Chronic pain is a serious problem for veterans. Research shows that half of all veterans have some kind of chronic pain problem after returning from combat and managing that pain can be challenging. But those challenges are compounded when the VA lacks many of the options available in a civilian environment -- or fails to offer them to patients -- and are left with NSAIDs and narcotics. Because of this, they are creating a new problem: drug addiction.
The VA has previously acknowledged the problem of drug addiction within the veteran community, and stated that it contributes to veteran homelessness as well as exacerbates problems such as PTSD and TBI (Traumatic Brain Injury). Because the VA is aware of the problem, the obvious question must be asked: why would the VA contribute to the problem of drug addiction on the front end, only to dump millions of dollars into dealing with its effects on the back end?
"Giving a prescription, which they know how to do and are trained to do, is almost a default," retired brigadier general Dr. Stephen Xenakis, a psychiatrist who served as commanding general of the Southeast Regional Medical Command for the U.S. Army, told the Center for Investigative Reporting (CIR).
Xenakis said that opiates will often cause more harm than good.
According to the CIR, the VA is making a sizable contribution to the prescription drug abuse problem among veterans. Data shows that "prescriptions for four opiates -- hydrocodone, oxycodone, methadone and morphine -- have surged by 270 percent in the past 12 years."The data also shows that the rise in the number of prescriptions has dramatically exceeded the growth of patients. In 2012 alone, the VA wrote 6.5 million prescriptions for opioid pain medication.
The number of patients who die as a result of addiction to pain killers is twice as high within the VA system as in the civilian world.
Addiction to pain killers among veterans can also be tentatively linked to the recent "wait times" scandal that has the VA in a quagmire. Data shows that the clinics with the highest number of pain killer addicts also had extremely long wait times to see doctors, sometimes three months or more, which makes finding and treating the root cause of pain difficult at best.
The report from the CIR highlights some of the most heartbreaking and shocking cases of opioid over-prescription, which directly contradict the VA's pain management guidelines. The CIR's report shows that the VA is severely overmedicating patients as they struggle to deal with complex cases and an overloaded system.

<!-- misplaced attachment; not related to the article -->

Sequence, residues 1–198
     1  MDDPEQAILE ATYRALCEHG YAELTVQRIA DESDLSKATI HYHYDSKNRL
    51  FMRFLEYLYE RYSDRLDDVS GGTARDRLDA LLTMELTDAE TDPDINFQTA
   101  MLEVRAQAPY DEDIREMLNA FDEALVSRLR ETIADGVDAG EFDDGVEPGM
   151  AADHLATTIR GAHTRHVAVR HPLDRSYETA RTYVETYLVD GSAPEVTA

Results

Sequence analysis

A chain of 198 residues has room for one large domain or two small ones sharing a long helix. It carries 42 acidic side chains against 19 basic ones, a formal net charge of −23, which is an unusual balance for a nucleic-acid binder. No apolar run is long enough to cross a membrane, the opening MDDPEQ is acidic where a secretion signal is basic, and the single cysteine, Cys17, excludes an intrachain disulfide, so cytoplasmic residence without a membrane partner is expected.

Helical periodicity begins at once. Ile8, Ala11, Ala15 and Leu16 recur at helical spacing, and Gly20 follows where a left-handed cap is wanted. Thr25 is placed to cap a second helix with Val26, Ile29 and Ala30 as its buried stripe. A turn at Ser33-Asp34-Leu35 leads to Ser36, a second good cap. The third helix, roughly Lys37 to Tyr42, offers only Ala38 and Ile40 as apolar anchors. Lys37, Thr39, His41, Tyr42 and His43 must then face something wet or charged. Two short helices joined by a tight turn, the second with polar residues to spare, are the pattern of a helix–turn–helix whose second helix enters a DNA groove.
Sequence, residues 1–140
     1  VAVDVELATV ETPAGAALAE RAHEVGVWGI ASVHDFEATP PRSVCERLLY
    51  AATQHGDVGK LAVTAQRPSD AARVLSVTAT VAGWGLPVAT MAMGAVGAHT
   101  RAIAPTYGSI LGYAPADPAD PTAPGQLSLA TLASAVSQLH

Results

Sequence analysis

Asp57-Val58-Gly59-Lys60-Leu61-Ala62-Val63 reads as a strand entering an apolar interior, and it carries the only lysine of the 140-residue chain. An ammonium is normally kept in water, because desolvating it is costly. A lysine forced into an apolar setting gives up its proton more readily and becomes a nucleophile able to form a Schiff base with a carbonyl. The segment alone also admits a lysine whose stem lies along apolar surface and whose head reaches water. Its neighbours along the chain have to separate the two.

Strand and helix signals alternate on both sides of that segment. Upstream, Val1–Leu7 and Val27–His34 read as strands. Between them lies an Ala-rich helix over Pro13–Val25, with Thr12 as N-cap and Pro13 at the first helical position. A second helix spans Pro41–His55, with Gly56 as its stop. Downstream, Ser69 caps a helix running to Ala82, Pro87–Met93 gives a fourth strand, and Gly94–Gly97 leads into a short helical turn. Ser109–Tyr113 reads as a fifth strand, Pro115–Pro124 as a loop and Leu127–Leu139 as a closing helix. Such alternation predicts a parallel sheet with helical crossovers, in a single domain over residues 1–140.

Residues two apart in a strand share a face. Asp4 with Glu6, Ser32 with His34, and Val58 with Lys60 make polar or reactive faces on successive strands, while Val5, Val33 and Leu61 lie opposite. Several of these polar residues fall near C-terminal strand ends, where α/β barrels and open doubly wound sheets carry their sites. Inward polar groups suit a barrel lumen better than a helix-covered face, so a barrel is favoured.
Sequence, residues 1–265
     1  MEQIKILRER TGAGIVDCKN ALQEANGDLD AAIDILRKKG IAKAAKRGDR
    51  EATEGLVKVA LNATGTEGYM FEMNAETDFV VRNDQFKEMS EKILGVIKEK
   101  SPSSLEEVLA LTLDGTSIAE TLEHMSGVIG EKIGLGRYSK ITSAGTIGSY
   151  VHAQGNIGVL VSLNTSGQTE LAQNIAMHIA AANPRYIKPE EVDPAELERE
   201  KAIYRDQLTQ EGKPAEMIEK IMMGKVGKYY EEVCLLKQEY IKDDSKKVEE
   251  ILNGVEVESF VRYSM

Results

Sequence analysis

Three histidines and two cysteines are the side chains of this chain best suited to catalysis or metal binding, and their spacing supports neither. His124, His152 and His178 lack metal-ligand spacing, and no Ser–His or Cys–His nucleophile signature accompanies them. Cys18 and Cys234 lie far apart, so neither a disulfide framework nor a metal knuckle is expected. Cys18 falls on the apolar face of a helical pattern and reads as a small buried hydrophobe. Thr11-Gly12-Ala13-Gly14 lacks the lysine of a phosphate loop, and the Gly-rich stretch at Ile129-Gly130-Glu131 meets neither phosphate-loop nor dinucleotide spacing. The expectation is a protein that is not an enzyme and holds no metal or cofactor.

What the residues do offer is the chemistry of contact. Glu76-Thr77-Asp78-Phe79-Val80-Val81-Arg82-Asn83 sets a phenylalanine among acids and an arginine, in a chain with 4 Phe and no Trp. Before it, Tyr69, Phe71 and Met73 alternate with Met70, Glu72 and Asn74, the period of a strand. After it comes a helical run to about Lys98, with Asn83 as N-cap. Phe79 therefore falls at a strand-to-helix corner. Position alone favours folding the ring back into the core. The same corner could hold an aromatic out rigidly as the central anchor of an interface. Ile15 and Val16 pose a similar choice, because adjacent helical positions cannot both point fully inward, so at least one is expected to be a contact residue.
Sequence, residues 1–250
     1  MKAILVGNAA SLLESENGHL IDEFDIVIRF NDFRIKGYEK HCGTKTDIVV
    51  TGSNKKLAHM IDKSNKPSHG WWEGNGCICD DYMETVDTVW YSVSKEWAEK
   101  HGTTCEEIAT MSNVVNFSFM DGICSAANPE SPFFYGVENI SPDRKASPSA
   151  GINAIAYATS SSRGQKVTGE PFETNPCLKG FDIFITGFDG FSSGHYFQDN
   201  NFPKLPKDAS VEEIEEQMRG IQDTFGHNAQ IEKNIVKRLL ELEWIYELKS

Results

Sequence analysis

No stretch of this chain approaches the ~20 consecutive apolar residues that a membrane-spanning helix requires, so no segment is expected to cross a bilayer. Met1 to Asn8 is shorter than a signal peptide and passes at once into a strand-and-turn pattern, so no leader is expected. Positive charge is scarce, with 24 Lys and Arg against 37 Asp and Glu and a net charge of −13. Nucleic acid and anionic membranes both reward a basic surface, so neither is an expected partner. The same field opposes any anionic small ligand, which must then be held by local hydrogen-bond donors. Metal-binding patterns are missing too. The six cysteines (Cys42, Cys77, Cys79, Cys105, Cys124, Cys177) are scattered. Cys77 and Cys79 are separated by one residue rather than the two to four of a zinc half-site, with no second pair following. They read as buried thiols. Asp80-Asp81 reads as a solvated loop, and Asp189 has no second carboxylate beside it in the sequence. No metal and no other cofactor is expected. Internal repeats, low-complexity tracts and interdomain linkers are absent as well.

However, the problem is not consistent across the country. There are some clinics that adhere to the rules, and some that do not.
The VA has been aware of the opioid problem for at least the last 5 years -- likely earlier. In 2009, new regulations required medical staff to put more focus on treating the causes of chronic pain rather than just using narcotics to cover up the symptoms.
VA officials have said in previous statements that the health agency is taking steps to address the problem, but did not respond to requests for further comment.
The VA recently rolled out the Opioid Safety Initiative (OSI), a program that is designed to reduce dependency on prescription pain killers. The department says that in just four months, it reduced dependency by 50 percent at its pilot locations in Minnesota.
However, when considering what this initiative entails -- some training materials for staff, patients, and their families, and a smart phone app to track chronic pain -- it's hard to believe that this is an accurate figure.One component of this program that could be helpful, however, is the expanded use of complementary and alternative medicine (CAM). CAM includes everything from acupuncture to yoga -- treatment that isn't used in mainstream medicine. Most veterans who are addicted to pain killers say that despite the VA's treatment guidelines, they were never offered any other options for coping with their pain before being given the pills or injections.
Often these treatments come at a much lower cost than the opioids do.
For example, Transcutaneous Electrical Nerve Stimulation (TENS) has been widely used in chiropractic and physical therapy offices for decades, but until recently was prohibitively expensive for most as the large machines can cost thousands of dollars and weren't conducive to personal use. However, good TENS units are now FDA approved, non-invasive, non-habit forming, and available without a prescription for less than $100.
The units work by blocking the nerve pathways that send pain signals to the brain. Unfortunately, CAM treatments for chronic pain are not available at every VA location.
While the VA says that 9 out of 10 of their sites have some type of CAM program, the vast majority don't deal with chronic pain, but rather with PTSD and other mental health concerns. CAM treatments may not be effective in all cases, but research has shown several methods to be helpful in treating pain when used with more traditional practices, such as physical therapy, and non-narcotic medication.